The lady over the back pushed a bunch of chrysanthemums from her flower-packed garden over my back wall and fence. I caught her to say thank you and she then shocked me by saying that I should Creasote the fence between her and myself. Another command. The fence was wartime rotten. She said it separated our gardens and so I should keep it good. I did as I was told until she died and then noone cared about her garden or her fence. Her ancient brother who lived with her and who made model soldiers and who served at Scapa Flow went jogging over the back by the riding school and got kicked in the head by a horse. He never went into the garden again nor looked over the back fence but went for a daily pint to the local pub and swayed all the way home.

Good fences make good neighbours.

Meters Red

I was bought up in a cold house post WW2 with the one room warmed by a coal fire and the bath filled once a week by a gas fuelled hot water geyser.

We were an eight children, two parent family. I never had a pillow until I married and sleeping under coats was usual.

I moved out and into the fumes of a marital home spread by paraffin heat which dried my work-day tights.

The lap of luxury was the coming of central heating.

Yesterday I sucked eggs and listened to youngsters describing how from April 1st they’ll cook rice and pasta in gas-saving ways and how baked potatoes are things of the past.

What did we come to to?

Time of The Month.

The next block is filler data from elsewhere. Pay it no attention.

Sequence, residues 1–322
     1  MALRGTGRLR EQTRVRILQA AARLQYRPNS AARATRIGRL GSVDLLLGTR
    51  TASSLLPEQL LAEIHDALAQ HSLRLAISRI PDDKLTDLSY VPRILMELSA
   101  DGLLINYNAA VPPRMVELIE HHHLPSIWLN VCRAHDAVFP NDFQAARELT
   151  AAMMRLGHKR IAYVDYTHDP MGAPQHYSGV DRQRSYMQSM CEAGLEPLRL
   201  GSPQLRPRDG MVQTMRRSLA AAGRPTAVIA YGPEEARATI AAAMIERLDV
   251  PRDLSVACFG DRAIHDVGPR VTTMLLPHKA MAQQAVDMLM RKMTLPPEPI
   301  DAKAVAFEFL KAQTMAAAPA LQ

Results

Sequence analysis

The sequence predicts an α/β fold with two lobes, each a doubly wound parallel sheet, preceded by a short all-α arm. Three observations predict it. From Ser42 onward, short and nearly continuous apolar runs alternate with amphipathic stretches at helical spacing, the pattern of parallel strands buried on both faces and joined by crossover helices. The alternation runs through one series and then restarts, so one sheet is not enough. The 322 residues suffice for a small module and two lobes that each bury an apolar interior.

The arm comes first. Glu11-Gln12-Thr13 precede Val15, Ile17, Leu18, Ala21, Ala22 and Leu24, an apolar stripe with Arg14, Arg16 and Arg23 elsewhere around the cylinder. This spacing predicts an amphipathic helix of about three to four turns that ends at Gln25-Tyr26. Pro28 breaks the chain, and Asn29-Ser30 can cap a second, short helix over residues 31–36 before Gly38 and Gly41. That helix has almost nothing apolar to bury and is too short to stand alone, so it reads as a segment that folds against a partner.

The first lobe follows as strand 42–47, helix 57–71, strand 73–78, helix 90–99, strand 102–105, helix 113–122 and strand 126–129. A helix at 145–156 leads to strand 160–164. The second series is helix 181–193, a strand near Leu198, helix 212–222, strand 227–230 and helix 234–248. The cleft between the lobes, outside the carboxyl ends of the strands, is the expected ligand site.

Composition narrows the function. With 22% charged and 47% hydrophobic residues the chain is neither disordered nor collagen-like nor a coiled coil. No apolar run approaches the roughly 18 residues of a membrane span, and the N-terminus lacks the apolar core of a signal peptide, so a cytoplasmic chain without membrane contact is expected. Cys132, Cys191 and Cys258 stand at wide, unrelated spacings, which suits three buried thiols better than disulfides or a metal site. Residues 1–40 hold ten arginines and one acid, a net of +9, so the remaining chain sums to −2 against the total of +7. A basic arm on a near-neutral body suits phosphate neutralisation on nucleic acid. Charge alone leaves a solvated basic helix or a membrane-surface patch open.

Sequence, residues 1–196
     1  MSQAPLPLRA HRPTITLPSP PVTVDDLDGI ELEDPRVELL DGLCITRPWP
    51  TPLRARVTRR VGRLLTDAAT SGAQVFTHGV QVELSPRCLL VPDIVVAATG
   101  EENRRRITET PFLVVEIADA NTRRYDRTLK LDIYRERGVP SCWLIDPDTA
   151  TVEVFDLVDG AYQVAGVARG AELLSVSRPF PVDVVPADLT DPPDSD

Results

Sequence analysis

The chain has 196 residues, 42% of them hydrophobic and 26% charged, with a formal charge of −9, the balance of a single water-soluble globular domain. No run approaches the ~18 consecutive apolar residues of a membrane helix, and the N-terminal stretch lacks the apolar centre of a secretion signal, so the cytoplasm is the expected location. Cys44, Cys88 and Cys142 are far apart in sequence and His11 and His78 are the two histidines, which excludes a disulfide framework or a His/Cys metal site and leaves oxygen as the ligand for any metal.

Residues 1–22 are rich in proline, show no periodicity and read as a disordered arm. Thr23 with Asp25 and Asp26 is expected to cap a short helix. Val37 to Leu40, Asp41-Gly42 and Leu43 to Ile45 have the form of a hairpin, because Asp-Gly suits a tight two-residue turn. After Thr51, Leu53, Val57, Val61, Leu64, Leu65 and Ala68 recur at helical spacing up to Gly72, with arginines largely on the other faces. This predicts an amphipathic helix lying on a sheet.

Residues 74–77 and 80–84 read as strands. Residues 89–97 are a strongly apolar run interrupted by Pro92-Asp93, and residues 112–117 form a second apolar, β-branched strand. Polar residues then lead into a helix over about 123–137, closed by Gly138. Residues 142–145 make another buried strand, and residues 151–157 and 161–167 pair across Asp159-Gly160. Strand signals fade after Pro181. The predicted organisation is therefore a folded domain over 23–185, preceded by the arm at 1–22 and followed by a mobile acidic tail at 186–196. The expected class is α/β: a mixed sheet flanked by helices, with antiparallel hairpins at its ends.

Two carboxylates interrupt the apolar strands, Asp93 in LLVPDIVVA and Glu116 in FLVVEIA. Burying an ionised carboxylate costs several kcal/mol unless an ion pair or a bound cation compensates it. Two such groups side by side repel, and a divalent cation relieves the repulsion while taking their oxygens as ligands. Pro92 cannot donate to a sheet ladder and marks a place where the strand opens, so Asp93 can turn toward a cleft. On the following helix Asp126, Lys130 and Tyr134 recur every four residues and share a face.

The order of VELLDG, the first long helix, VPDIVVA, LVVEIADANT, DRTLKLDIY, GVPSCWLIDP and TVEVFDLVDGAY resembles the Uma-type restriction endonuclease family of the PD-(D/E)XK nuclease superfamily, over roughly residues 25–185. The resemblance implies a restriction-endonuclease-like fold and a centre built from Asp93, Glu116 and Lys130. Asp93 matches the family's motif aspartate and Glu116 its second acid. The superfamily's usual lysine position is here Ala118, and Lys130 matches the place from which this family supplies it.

Well things have to be said. International Women’s Day to me was a wash-out and a tasked one to avoid offerings at ITV and the like with Lorraine Kelly and her pretend chums. BBCRadio 3 did their usual women composers and here and there Mary Beard and other persuaders in culture turned up fervently. I received one day greeting and engaged with just one self-identified and fitting my description feminist. I reread all the rehashed writings about very very wealthy articulate Pankhursts and her ilk doing their best for their domestic staff in some future universe and dipped into propped-up and wheeled out Women’s stuff in any diaspora.

Disappointed in Leytonstone.

The world did not stop. Other things took over. Opportunities to explore womankind fell back in the queue overshadowed by necessary Windrush and Ukraine attention, artists continued their black lives matter awareness and a Colonial mistress got Covid.

It prevailed; that nonsense that any tit-bearing person was by definition a woman and therefore on the feminist side and if she/her were black was right on trend.

Life went on the same. My tooth got longer.


Up on You tube enjoying some proper soul music in the warm waiting for a Sunday telly drama.

I’ve been desk-top researching all through damn Covid the women and wives of Transatlantic slavers for they were accessories to the crimes, were molls, bedfellows and benefited greatly from the wealth.

Today at RAGWORKS I created

Mary Ann MacCormac

of Northern Irish and African-American descent who married Walter of the Guinea Company who himself was documented in Parliamentary papers as being involved in the Transatlantic Slave Trade. She lived and bred from 1830-1865 and often travelled from Sierra Leone with her two brothers to Belfast to her rich uncle.

I chose her because I had researched the movers and shakers in C18th “Freedom Land” and I have a close connection to a descendant of a revered family.